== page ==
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  • Cited by 1
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    This chapter has been cited by the following publications. This list is generated based on data provided by CrossRef.

    Gusejnova, Dina 2018. Changes of status in states of political uncertainty. European Journal of Social Theory, p. 136843101877926.

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  • Print publication year: 2011
  • Online publication date: July 2011

14 - Visions of stateless society

from II - Modern liberty and its defenders
Summary
During the nineteenth century, the anarchist stance in opposition to the state and in favour of non-authoritarian associations was closely connected to two assumptions. The first was that social and moral laws could be discerned through a reasoned examination of human nature, human societies and the larger universe. The second assumption was that moral and rational advancement would occur. William Godwin was the first writer to make a reputation condemning government. Godwin's stance was largely a secularised version of Rational Dissent, which both shaped his moral-rational philosophy and nurtured his distrust of government. Thomas Hodgskin, American individualist anarchists were partisans of private property and were committed to free market economic ideals. Pierre-Joseph Proudhon was the most famous nineteenth-century opponent of the state. Proudhon's mutualist anarchism influenced many subsequent theorists: collectivist anarchists like Michael Bakunin and communist anarchists like Peter Kropotkin, both of whom spoke highly of Proudhon's writings.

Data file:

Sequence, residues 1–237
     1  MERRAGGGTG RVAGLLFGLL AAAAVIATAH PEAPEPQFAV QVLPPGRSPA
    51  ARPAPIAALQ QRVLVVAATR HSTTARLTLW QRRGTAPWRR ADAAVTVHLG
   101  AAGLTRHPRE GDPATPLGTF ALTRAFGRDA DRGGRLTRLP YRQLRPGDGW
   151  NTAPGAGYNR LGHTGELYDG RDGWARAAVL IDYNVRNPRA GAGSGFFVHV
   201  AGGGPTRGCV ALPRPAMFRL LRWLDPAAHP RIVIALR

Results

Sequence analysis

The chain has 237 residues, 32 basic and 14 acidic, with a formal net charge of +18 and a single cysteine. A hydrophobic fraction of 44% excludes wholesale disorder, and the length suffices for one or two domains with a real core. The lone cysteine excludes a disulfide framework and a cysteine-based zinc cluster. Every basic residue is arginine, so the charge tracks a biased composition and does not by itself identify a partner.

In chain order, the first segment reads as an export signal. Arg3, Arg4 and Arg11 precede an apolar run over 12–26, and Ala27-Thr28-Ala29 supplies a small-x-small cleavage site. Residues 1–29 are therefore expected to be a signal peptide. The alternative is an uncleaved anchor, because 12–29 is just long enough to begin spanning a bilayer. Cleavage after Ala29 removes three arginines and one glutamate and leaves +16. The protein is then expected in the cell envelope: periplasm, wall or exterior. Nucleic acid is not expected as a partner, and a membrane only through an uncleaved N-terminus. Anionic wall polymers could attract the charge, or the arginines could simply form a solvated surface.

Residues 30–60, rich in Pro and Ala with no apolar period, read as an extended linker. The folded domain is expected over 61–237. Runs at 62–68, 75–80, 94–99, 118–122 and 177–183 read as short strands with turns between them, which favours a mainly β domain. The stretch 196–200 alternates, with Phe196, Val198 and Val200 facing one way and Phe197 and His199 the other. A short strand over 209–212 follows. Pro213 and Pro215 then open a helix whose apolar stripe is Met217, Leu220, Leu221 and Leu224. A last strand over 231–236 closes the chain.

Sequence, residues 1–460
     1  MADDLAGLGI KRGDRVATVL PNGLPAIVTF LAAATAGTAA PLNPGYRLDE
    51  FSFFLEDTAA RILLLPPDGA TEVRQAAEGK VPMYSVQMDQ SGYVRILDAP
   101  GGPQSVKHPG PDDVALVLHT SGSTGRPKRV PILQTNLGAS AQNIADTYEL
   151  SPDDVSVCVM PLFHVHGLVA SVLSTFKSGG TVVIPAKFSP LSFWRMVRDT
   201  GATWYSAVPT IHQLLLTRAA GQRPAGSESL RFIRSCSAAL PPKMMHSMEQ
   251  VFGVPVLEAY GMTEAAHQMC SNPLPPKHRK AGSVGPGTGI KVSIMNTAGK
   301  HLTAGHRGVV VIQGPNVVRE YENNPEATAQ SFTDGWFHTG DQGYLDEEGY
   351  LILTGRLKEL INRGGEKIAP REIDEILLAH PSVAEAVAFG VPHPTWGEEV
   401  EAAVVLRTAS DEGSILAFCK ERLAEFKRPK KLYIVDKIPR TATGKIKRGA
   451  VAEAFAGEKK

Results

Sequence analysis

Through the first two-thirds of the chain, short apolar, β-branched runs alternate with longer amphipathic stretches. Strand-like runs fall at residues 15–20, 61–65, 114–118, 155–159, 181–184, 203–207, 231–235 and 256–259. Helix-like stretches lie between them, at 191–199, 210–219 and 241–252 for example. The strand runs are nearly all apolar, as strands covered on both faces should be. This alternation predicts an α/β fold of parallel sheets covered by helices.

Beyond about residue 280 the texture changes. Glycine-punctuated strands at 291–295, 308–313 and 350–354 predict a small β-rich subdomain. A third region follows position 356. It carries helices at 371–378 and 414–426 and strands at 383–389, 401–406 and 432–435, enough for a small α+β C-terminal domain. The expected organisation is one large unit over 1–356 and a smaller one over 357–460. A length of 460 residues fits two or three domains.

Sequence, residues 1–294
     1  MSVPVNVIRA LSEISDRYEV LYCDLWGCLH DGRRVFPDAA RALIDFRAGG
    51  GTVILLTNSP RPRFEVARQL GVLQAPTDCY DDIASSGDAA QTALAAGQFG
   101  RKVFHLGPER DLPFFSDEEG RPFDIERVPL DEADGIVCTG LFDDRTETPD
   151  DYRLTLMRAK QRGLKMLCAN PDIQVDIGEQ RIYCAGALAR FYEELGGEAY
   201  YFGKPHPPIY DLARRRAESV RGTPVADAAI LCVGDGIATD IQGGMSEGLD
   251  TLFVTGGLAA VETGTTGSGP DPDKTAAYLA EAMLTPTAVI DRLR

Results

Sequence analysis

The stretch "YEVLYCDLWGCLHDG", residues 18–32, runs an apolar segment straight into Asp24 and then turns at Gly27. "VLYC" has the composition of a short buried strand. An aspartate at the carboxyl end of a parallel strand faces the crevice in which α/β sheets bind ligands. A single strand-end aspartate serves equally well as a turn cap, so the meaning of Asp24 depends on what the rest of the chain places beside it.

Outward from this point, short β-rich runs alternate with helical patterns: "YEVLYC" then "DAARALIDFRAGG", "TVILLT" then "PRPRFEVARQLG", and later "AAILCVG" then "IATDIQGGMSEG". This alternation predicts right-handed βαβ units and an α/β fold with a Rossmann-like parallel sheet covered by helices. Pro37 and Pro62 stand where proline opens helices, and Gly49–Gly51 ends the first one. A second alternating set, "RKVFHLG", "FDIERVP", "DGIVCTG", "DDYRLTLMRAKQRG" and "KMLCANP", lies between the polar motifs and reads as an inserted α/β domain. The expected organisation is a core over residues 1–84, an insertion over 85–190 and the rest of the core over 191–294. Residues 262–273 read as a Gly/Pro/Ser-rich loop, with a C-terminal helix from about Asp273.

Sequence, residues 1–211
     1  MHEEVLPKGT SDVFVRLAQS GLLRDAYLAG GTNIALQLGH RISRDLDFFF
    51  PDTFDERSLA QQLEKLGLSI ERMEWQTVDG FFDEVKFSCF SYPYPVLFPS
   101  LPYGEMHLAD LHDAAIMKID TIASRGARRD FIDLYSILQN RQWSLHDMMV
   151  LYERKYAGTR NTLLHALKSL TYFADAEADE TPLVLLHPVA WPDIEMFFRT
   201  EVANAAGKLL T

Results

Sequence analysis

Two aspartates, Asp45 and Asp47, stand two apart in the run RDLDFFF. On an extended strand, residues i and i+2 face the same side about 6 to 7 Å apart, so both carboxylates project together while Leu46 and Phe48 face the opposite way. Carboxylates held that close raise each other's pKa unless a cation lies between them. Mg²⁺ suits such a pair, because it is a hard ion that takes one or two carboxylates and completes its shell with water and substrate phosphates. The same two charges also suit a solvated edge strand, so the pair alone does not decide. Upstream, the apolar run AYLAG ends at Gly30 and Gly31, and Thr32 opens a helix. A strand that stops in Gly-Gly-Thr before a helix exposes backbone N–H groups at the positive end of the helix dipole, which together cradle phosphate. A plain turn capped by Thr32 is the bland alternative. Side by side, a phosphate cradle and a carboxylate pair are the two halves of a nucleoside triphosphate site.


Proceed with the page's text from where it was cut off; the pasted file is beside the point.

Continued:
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The Cambridge History of Nineteenth-Century Political Thought
  • Online ISBN: 9780511973581
  • Book DOI: https://doi.org/10.1017/CHOL9780521430562
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